At an event I spoke at last night for a small group of moms with 5th -7th graders, per usual, I asked how many of their kids were the proud owners of smartphones. If you have been reading my blog regularly you know by now that giving kids smartphones makes me crazy. Anyway, 3/4 of the hands shot up. As usual I gave my old fuddy duddy rant about why I think smartphones are hazardous to a teen's health. This rant can be found in any number of my previous blogs, so I won't bore you with it here. But the deed was already done, so I decided to focus more on the process by which these phones ended up in their teens hands. The common thread whenever and wherever I ask this question is: "All their friends have one and we didn't want them to feel left out."
OK being left out is not having a phone at all. I understand the relentless pressure teens can exert when they want something really really badly. They know just what buttons to push. They know just how to make you feel guilty that somehow you are not as good a parent as their friends parents, if you don't allow them to do X or buy them X. So in your effort to make your teen happy, and therefore make your life easier you cave. The message sent to your teen here is if you want something really badly, be persistent, make them feel guilty, never let up, and eventually you will succeed
Developmentally teens are driven to conformity. They want what everyone else has. They want to look like everyone else, they want to listen to the same music, have the same clothes, eat the same food, drink the same water, have the same backpack, play the same video games, watch the same TV shows all in the name of fitting in. Conformity plays a huge part in giving teens a sense of sameness and peace as they struggle with the difficult task of developing an identity. They are being bombarded with changes in their brains and in their bodies, and the sameness takes away some of the angst. So, if it isn't unsafe or disrespectful, I am all for the cloning of teens. It is a temporary state, and as they move into the later teen years, they start to nail down their own particular brand of who they are, and the whole conformity thing falls by the wayside.
Your role in all this is to judge what is unsafe or disrespectful. There may be many things that your teen wants to do, watch trashy TV or buy brand names of items that are ridiculously overpriced, that go against your values but are not unsafe or disrespectful. You just don't like it, and therefore don't want your teen to have it or do it. In these cases I recommend saying: "I get how important it feels to you to have UGG boots like your friends. They seem like a lot of money to me, but I get how important they are to you, so here is the $60 I would have spent on boots for you, and you are welcome to use your birthday money or your savings to add to it and get the boots." In this scenario, you take care of yourself, and give you teen the choice to get what he/she wants without you having to totally give your support and go against your own values. Here is the thing, there will be things your teens wants, or events they want to go to that are unsafe. Here you will need to draw the line, even if there are other parents who aren't. This is hard, this makes you unpopular, this creates havoc. I get that completely. Whether it is a smartphone that gives your teen unlimited access to more distraction than their little brain can handle, or a concert that takes them too far from home on a school night, or not allowing them to go to a house that you feel is unsupervised and therefore unsafe, these are the unpopular decisions parents must make. When you make those kinds of decisions judiciously, your teen understands that you are concerned with the big picture and of their safety.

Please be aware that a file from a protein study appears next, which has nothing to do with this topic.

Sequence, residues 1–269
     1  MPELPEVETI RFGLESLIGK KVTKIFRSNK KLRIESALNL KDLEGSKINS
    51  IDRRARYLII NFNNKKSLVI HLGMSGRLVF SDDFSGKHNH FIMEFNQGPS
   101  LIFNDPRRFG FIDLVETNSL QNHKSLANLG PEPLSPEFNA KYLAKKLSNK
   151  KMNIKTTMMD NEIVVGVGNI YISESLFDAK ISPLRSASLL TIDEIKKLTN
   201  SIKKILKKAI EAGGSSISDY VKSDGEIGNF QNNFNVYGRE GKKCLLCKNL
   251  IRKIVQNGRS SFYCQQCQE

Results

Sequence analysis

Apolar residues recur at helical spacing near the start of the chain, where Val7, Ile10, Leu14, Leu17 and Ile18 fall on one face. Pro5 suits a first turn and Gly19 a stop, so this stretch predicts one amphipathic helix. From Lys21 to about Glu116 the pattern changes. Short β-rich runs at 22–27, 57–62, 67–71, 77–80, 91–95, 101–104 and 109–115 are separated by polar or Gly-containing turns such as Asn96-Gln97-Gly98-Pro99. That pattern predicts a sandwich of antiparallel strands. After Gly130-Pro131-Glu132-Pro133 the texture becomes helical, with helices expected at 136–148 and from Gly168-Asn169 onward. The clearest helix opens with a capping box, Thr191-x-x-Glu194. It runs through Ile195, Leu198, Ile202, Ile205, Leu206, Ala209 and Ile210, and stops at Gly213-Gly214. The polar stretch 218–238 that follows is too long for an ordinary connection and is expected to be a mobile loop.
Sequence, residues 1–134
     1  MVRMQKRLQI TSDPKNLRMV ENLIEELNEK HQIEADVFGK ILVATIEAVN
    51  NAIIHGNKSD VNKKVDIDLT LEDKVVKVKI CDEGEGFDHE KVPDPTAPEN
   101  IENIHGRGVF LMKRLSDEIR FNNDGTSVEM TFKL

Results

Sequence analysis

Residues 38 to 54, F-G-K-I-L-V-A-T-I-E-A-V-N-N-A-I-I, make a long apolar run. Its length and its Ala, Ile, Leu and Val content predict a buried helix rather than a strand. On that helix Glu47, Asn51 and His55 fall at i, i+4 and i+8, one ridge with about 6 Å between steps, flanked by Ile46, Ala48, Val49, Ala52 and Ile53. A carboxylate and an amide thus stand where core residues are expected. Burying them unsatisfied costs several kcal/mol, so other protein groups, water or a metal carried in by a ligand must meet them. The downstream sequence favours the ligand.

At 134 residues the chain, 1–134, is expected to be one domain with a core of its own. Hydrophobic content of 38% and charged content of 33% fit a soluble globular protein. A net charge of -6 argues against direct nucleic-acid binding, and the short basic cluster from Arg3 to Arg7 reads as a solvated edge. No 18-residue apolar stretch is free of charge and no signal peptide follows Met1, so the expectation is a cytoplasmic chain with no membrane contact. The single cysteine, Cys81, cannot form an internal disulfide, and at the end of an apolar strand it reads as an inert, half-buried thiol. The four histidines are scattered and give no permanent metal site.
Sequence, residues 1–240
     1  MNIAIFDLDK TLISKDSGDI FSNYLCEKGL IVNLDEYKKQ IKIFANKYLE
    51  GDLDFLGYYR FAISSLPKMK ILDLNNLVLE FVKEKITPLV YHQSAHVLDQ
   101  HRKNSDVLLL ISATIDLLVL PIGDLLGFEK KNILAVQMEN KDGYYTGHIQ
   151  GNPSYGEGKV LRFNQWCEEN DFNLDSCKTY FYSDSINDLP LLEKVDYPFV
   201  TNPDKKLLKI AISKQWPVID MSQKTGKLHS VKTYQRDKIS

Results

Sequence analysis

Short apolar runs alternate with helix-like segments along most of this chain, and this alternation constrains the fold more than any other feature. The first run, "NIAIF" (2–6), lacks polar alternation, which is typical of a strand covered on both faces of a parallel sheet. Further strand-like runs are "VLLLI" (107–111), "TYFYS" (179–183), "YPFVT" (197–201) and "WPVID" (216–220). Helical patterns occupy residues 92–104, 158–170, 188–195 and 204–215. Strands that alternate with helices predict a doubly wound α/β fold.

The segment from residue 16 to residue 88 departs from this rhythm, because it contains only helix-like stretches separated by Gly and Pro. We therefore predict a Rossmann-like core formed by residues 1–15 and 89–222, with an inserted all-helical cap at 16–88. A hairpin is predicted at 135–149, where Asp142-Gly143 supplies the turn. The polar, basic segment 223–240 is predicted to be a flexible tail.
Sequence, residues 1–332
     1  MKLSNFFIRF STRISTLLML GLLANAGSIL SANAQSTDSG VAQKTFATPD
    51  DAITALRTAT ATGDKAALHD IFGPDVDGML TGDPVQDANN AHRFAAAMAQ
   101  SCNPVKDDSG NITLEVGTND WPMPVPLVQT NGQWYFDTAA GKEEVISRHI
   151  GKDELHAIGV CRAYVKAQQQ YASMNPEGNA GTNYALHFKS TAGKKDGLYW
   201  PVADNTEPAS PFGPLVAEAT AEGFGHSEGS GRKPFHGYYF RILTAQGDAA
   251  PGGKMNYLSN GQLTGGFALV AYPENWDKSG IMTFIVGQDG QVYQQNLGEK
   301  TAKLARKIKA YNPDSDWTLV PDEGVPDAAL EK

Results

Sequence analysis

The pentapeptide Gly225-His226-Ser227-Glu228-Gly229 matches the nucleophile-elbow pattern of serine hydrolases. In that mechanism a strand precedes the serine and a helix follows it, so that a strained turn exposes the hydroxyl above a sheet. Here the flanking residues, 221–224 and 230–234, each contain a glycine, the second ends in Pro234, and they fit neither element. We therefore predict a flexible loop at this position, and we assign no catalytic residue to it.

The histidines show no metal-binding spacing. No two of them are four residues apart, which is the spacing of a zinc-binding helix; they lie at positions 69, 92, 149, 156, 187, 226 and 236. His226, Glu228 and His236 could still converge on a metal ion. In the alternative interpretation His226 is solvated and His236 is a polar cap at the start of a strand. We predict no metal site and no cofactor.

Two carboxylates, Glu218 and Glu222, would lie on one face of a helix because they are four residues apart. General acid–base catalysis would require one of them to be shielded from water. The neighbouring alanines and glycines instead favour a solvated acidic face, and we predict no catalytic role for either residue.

The Rolling Stones had it right in their song "You can't always get what you want." That goes for your teens and for you. You won't always be the most popular parents. You won't always be the "mean parents" either. But you do have to be the smart parents. Trust your gut. If you are saying yes to something even though your gut is saying no. Stop and figure out why. Of course we want to make out kids happy, and often we give in on things cause we love to see the smile and appreciation on our teens faces no matter how fleeting it might be. And many times we can "give in" and feel OK about it. Just make sure that whenever you feel that gut pulling you in another direction, ask yourself, is this safe?